Record-setting Canadian vehicle sales continued in August: Scotiabank
U.S. fleet volumes began to stabilize from the double-digit decline of recent months, Scotiabank also said.
Vehicle sales in Canada continued its record-setting pace in August 2017, with passenger vehicle sales advancing 7% above a year ago, and establishing a new record for the month of August.
According to a new report from Scotiabank, purchases remained above an annualized 2 million units last month, as both domestic and imported brands posted double-digit year-over-year (y/y) gains in light truck sales.
“Pickup trucks led the way in August, surging more than 20% above a year earlier, alongside robust gains on the Prairies and a rebound in business investment,” Scotiabank’s latest Auto News Flash said. “The popularity of pickup trucks is greatest in Alberta, with sales of these models soaring more than 30% so far this year in the resource-rich western province. Pickup trucks account for more than 35% of overall sales in Alberta, roughly double their share in the rest of Canada.”
In the U.S., meanwhile, auto sales generally fared better than expected in August, Scotiabank said, especially taking into account that Hurricane Harvey forced many dealerships in Texas, the second-largest U.S. auto market, to close for several days. “While last month’s seasonally adjusted sales pace fell to an annualized 16.2 million units, the lowest level in three years, purchases were better than had been feared, especially since the Detroit automakers finally began to see some stabilization in their fleet volumes,” the report said. “During August, fleet purchases from the North American automakers were largely in line with a year ago. This represents a significant improvement from a 14% y/y drop-off through July.”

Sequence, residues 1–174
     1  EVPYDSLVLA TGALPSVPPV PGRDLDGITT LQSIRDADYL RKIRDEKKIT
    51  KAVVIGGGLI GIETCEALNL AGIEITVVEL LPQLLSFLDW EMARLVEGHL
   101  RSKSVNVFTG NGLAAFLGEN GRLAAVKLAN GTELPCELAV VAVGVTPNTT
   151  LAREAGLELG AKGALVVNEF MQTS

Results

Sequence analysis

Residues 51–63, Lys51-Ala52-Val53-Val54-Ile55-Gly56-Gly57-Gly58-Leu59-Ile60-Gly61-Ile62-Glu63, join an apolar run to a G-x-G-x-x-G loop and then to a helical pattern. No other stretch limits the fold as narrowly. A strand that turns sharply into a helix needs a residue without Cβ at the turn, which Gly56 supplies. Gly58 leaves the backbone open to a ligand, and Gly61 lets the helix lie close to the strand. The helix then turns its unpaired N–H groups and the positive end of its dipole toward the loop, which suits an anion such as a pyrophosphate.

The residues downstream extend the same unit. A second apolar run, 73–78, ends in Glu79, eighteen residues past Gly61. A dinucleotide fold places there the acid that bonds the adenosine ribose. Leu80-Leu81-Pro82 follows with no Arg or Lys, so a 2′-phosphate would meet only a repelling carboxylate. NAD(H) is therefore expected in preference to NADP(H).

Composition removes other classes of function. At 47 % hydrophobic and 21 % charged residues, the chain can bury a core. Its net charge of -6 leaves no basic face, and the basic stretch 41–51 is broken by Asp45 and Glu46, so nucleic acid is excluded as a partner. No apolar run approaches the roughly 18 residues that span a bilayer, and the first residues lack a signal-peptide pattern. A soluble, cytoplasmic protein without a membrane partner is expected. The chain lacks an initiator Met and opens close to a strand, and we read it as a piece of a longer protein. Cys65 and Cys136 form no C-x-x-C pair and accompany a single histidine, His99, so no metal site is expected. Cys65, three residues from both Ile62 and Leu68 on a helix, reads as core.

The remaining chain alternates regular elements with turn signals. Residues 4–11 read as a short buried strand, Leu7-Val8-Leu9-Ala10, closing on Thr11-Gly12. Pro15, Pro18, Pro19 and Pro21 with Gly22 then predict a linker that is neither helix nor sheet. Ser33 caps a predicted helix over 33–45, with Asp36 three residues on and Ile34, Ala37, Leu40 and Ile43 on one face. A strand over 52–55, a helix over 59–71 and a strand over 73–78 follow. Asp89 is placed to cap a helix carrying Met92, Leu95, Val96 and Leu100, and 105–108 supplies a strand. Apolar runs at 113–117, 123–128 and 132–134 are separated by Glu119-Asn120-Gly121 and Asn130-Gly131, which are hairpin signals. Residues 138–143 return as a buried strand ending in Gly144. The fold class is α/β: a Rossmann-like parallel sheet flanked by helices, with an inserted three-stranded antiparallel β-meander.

Purchases are expected to strengthen significantly in coming months, as the residents of Houston begin to replace their vehicles that have been damaged by flooding. For example, in the months after Superstorm Sandy in 2012, sales in the New York area jumped nearly 50% higher.